JP Publication No. 2007-200496 Abstract; Koichiro et al.; Semiconductor Storage Device and Its Test Method; 2 pages.
Juin-Sheng et al., "Network Topology Structure on Board of Computer Cluster," Publication No. TW532011B, 1 page.
Kandlur et al.; "Hypercube Management in the Presence of Node Failures," Third Conference on Hypercube Concurrent Computers and Applications ACM New York, vol. 1; 1988, pp. 328-336.
Keller et al.; "Scheduling in HPC Resource Management Systems: Queing vs. Planning;" Jun. 2003, Proceedings of the 9th Workshop on Job Scheduling Strategies for Parallel Processing, Seattle, WA, pp. 1-19.
Korean Notice of Last Preliminary Rejection for Application No. 10-2006-7023880; mailed May 25, 2009; 5 pages.
Korean Office Action and English Translation for Application No. 10-2006-7023882, mailed Jul. 18, 201; 4 pages.
Korean Patent Office Communication, OA and English Translation re: Notice of Preliminary Rejection; KIPO Examination Results Summary, Ref: Detailed Grounds for Rejection for Appl. No. 10-2007-7013503 (6 pgs).
Korean Patent Office Communication; Korean OA and Translation for Appl. No. 10-2006-7021323, dated Jul. 14, 2011; 8 pages.
Krevat et al.; "Job Scheduling for the BlueGene/LSystem," Lecture Notes in Computer Science, vol. 2537, pp. 38-54, XP00233643, Jul. 24, 2002.
Kurt Windisch et al.; ProcSimity: An Experimental Tool for Processor Allocation and Scheduling in Highly Parallel Systems; XP-101-30254; 1995; pp. 414-412.
L. G. Harbaugh et al.; "Building High-Performance Linux Clusters, Sponsored by Appro," XP-002480128; Jun. 2004; 23 pages.
Liu et al.; "Non-Contiguous Processor Allocation Algorithms for Distributed Memory Multicomputers;" Supercomputing '94, Proceedings, Washington D.C., Nov. 144-18, 1994; pp. 227-236.
Look up Tech Terms-Switching Fabric; SearchStorage.com; http://search.techtarget.com; retreived Oct. 6, 2009; 4 pages.
Look up Tech Terms—Switching Fabric; SearchStorage.com; http://search.techtarget.com; retreived Oct. 6, 2009; 4 pages.
Ma et al.; E-Kernal: An Embedding Kernel on the IBM Victor V256, Multiprocessor for Program Mapping and Network Reconfiguration, IEEE Transactions on Paralle and Distributed Systems, IEEE Service Center, vol. 5, No. 9, Sep. 5, 1994, pp. 977-994.
Malaysia Patent Office Communication re: Substantive Examination Adverse Report (Section 30(01)/30(2)) for Appl. No. PI 20051525, Filing Date Apr. 5, 2005, mailed Aug. 30, 2010, 2 pages.
Masaaki et al.; Abstract of JP8227356, 1 page, published Sep. 3, 1996.
Matthias Hovestadt et al; Scheduling in HPC Resource Mangement Systems: Queing vs. Planning; Proceedings of the 9th Workshop on Job Scheduling Strategies for Parallel Processing, Seattle, WA, 2003; pp. 1-19.
Moonsoo Kang et al; Job-Based Queue Delay Modeling in a Space-Shared Hypercube; XP-10356056; 1999; pp. 313-318.
Moore et al.; "Managing Mixed-Use Clusters with Clusters-onDemand," Internet Article, Nov. 2002.
Notice of Allowance for U.S. Appl. No. 10/991,598; mailed Apr. 18, 2008.
Notice of Allowance for U.S. Appl. No. 10/991,598; mailed Jan. 22, 2008.
Notice of Allowance for U.S. Appl. No. 11/107,4467; mailed Jul. 28, 2008.
Notice of Allowance; U.S. Appl. No. 12/246,786; Date of mailing: Apr. 12, 2012.
Notice of Allowance; U.S. Appl. No. 12/246,786; Date of mailing: Oct. 17, 2011.
Notification of Transmittal of the International Search Report and the Written Opinion of the International Searching Authority, or the Declaration for the International Application No. PCT.US2007087947; mailed May 7, 2008; 11 pages.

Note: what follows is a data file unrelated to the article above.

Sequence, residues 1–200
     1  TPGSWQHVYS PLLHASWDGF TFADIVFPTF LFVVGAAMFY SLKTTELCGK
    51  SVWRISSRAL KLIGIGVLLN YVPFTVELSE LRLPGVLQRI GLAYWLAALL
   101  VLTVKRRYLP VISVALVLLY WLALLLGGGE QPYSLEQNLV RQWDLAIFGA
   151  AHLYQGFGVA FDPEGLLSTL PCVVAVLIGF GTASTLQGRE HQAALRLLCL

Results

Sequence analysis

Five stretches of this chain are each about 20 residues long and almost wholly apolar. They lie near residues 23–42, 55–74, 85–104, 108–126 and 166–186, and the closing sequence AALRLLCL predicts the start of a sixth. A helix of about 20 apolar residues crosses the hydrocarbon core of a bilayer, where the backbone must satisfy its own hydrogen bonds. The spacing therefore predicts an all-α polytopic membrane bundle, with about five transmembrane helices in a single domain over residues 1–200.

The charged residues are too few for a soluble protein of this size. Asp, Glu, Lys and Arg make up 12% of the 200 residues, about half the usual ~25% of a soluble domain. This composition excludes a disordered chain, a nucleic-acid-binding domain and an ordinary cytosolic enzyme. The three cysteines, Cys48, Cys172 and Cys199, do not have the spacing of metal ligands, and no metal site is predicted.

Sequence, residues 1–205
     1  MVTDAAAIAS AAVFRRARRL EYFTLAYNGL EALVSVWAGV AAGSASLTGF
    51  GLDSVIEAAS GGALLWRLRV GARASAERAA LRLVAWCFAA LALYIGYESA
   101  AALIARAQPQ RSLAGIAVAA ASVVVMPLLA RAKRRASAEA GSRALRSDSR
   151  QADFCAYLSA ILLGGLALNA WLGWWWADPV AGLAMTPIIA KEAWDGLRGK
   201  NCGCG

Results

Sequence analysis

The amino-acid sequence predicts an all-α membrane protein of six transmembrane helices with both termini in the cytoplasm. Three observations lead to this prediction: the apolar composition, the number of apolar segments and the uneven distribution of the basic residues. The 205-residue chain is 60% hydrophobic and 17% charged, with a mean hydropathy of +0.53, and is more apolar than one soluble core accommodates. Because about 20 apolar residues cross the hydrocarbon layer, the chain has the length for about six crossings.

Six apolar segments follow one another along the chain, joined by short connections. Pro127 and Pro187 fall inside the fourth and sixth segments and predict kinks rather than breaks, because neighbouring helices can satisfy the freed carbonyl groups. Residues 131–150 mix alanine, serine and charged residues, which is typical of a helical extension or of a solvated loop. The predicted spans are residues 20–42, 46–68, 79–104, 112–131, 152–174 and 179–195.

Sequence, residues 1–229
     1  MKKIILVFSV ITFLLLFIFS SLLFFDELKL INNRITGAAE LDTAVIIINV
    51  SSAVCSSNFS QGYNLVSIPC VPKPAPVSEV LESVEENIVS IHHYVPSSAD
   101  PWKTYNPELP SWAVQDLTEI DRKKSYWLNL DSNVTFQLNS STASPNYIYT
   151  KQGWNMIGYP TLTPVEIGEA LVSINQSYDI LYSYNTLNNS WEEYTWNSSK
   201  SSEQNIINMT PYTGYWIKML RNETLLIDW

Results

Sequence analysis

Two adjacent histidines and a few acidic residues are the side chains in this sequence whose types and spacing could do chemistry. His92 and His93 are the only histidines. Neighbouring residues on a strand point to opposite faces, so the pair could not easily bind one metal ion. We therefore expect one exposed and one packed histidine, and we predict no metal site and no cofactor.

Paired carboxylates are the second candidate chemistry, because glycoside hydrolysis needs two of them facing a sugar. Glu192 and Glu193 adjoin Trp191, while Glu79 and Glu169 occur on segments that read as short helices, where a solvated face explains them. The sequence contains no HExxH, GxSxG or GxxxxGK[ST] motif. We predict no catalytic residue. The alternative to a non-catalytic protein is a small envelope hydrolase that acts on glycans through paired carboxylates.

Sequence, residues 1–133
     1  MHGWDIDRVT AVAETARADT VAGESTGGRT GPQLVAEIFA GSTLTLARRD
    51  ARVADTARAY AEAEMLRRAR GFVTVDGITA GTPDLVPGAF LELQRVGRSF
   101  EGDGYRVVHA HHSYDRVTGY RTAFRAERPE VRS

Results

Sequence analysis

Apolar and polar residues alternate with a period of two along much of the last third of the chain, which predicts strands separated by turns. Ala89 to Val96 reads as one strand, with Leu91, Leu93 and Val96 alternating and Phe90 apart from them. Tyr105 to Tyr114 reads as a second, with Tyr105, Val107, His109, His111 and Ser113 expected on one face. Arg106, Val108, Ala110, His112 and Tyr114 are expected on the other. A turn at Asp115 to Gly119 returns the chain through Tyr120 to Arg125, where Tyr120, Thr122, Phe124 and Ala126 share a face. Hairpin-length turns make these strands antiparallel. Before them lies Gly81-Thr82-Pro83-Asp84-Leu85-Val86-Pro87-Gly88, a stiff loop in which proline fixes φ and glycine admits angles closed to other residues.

Offical Letter received Apr. 15, 2010, re: ROC (Taiwanese) Appl. No. 94111492, notifying of contents of forthcoming second (final) Office Action and indicating opportunity to respond, and Search Report of the EP corresponding application (EP 1566738 A3), 7 pages.
Office Action for U.S. Appl. No. 11/107,4467; mailed Mar. 7, 2008.
Office Action for U.S. Appl. No. 12/246,783; mailed May 11, 2011.
Panagiotis et al.; "inetd-Internet Services Daemon," pp. 1-4, 1994 Man-cgi 1.158, 1995 Modified for Solaris 2.3.
Panagiotis et al.; "inetd—Internet Services Daemon," pp. 1-4, 1994 Man-cgi 1.158, 1995 Modified for Solaris 2.3.
Patel et al.; "Sage: An Application Development Toold Suite for High Performance Computing Systems," Aerospace Conference Proceedings, 2000, IEEE Mar. 18-25, 2000' pp. 491-500.
PCT; International Search Report and Written Opininion; for PCT/US2008/050086; mailed Jan. 3, 2008; 15 pages.
Perbadanan Harat Intelek Malaysia; Malaysia Patent Office Communication re: Substantive Examination Adverse Report (Section 30(1)/30(2)) for Appl. No. PI 20051526, mailed Jan. 31, 2011, 3 pages.
Perbadanan Harta Intelek Malaysia; Office Action for Application No. PI 20051531; mailed Oct. 31, 2008; 4 pages.
Pinkston et al.; "InfiniBand: The "De Facto" Future Standard for System and Local Area Networks or Just a Scalable Replacement for PCI Buses?;" Clustering Computing-Kluwer Academic Publishers, vol. 6, No. 2, 2003, pp. 95-104.
Qiao et al.; "Efficient Processor Allocation for 3D Tori," Paralle Processing Sysmposium 1995, Proceedings, 9th International, Apr. 25-28, 1995, IEEE Comput. Soc., pp. 466-471, 921.
Ross et al.; "3.3 Connectionless Transport;" Feb. 22, 2001; pp. 1-4; retrieved on Nov. 1, 2005.
Rzymianowicz et al.; "Clustering SMP Nodes with the ATOLL Network: A Look into the Future of System Area Networks;" Proceedings of High Performance Computing, 8th International Conference, May 8, 2000, 10 pages.
Shiraishi et al.; Parallel Job Execution Tool: ParaJET; Institute of Electronics, Information and Communication Engineers, Technical Report of IEICE, CPSY95-60 Aug. 1996; 9 Pages.
Stefanie Meier; "Konzept eines Accounting-und Kontingetierungssystems fur den Einsatz in einem wissenschaftlichen Rechenzentrum;" Jun. 11, 2002; XP55031256; [retrieved from the Internet] www2.fz-juelich.de/zam/docs/printable/ib/ib-02/ib-2002-08.pdf; 64 pages.